Jews gathered last week for the Passover Seder meal to reenact the ancient exodus from Egypt and repeat family stories passed down from generation to generation. My grandmother, a Holocaust survivor, once again shared the dramatic story of her last Seder with her family in Ukraine eighty years ago.
Passover 1943 was the last year my grandmother, who we call Mama Peppi, celebrated the holiday with her family in Chust, Western Ukraine. Her father had already been taken to a concentration camp, and so her young mother did her best to lead the service for the six children. When they reached the part of the Seder that called for opening the door to symbolically welcome Elijah the prophet, two armed Nazis entered their home. Quick on her feet, my grandmother gave the soldiers all the wine on the table, and they left the house. Every year, Mama Peppi reminds her eight grandchildren and more than 30 great grandchildren of the immortal words of the Haggadah book we read on Passover, “in every generation, they tried to destroy the Jewish people, but the Holy One Blessed be He, continues to save us from their hands.”
Hitler killed 6 million of our people during the Holocaust, including many members of my extended family. Fortunately, my grandparents were blessed to rebuild their shattered lives in the United States and to celebrate Passover in freedom. Yet American Jews have always known that antisemitism can reappear at any moment, even in the United States, and so we conclude our Seder by singing “Next year in Jerusalem.” I now live in Israel, and since celebrating the holiday here, I have a new story that I tell my own children at our Seder.
Two thousand years ago, the Jewish people celebrated Passover as an independent nation in their homeland of Israel – not around their family dining room tables, but in the Temple in Jerusalem. Sadly, there was great discord amongst the different Jewish sects who fought endlessly with one another. When the infighting boiled over, the Romans entered Jerusalem, destroyed the Temple and exiled the Jews to the four corners of the world. Miraculously, we have now returned, and since 1948, the Jews have lived in freedom and independence under a Jewish government. But tragically, political discord has once again spilled onto the streets of Jerusalem, even as our enemies are scheming to destory us.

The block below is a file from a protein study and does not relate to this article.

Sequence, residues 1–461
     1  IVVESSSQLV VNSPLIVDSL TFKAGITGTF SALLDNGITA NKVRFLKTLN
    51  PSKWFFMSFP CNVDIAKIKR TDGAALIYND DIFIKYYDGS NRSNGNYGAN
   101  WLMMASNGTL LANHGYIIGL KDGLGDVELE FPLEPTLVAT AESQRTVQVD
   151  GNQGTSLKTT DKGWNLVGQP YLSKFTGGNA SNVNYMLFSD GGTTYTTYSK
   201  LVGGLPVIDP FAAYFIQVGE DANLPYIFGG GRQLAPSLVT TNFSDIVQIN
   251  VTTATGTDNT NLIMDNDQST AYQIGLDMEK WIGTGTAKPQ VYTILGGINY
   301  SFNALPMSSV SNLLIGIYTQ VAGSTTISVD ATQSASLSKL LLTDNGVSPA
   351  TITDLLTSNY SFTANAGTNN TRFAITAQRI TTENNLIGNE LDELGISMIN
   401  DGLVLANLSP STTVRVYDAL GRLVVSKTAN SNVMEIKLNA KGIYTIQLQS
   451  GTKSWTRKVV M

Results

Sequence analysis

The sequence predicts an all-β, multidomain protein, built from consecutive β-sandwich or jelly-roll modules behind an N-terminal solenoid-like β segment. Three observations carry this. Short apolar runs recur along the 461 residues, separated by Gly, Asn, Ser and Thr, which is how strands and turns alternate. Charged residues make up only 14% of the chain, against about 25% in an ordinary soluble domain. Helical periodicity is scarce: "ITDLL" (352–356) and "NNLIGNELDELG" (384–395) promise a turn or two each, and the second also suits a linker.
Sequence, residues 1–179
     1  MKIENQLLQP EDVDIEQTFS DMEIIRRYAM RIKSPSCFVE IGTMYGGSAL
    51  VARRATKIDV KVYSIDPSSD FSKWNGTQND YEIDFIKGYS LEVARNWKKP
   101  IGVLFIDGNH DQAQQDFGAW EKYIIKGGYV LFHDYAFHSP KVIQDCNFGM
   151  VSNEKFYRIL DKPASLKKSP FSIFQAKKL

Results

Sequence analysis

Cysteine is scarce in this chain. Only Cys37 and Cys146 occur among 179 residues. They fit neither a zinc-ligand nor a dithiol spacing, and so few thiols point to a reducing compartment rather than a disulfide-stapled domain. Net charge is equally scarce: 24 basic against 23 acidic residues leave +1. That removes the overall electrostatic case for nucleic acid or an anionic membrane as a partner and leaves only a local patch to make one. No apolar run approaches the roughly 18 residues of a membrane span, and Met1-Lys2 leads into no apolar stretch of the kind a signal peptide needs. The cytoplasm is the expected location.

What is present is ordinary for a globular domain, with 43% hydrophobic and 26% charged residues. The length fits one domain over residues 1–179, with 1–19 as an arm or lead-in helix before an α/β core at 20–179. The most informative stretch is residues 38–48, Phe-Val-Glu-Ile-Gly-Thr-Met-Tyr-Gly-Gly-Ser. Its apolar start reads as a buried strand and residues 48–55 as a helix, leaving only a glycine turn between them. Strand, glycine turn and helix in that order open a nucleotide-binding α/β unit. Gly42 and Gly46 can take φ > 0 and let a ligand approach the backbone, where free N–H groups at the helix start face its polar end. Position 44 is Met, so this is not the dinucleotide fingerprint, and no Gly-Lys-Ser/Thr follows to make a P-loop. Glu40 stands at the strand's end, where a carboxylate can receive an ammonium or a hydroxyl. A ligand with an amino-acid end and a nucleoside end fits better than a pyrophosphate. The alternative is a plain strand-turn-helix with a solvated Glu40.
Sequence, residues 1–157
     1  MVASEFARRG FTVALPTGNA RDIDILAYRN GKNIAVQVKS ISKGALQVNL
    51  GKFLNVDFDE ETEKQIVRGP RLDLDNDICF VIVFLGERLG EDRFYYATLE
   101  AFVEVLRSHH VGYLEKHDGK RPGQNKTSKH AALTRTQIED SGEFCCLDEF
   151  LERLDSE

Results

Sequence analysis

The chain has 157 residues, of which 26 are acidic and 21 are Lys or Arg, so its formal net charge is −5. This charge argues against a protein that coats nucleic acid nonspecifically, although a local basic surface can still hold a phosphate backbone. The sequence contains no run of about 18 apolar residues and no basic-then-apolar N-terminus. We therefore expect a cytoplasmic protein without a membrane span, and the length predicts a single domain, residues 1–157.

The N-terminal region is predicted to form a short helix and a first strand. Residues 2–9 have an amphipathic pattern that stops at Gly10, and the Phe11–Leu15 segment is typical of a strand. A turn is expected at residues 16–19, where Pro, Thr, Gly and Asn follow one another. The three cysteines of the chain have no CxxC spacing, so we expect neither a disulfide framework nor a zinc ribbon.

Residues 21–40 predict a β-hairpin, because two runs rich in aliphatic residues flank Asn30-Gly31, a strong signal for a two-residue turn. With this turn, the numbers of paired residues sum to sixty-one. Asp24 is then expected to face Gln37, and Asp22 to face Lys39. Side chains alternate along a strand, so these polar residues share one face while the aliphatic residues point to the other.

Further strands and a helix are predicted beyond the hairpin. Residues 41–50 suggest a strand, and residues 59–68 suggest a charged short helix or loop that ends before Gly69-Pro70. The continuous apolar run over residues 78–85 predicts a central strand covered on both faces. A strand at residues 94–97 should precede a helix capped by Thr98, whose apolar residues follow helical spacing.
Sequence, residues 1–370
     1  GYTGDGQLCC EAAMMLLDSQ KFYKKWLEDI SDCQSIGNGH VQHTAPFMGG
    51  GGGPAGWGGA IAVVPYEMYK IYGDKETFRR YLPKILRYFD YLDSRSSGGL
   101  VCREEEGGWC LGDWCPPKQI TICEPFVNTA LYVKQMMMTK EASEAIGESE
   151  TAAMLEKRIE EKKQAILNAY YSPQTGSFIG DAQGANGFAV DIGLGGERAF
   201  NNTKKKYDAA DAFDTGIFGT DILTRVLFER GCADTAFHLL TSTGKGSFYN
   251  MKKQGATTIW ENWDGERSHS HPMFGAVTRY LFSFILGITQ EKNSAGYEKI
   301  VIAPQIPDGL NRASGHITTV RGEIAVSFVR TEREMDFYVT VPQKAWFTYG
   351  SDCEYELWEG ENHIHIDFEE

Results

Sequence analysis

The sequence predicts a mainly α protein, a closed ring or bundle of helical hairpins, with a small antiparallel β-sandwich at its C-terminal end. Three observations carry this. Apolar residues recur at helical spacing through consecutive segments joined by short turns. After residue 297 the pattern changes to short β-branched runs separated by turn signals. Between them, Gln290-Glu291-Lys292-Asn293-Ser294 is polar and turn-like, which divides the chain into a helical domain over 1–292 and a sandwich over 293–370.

The generation that experienced the extraordinary events of 1948 is dwindling, and antisemitism is once again surging. Following months of mass protests against the government in Israel, this Passover comes at a time of great stress upon Israel’s democracy. Israel has important work to do in bridging the growing divide between the left and the right, all while defending itself against blood thirsty enemies like Palestinian terrorists and genocidal Iran that are threatening to finish Hitler’s diabolical work.
Passover, the Biblical festival of freedom, has inspired and encouraged those living under oppression and without their independence for millenia. My grandmother’s family never experienced the sweet taste of freedom, yet their Passover miracle from eighty years ago still inspires our family who are blessed to celebrate in the Jewish homeland. As the State of Israel prepares to commemorate 75 years of independence in two weeks from now, we must heed Passover’s eternal lessons so that Israel will overcome all of our current challenges.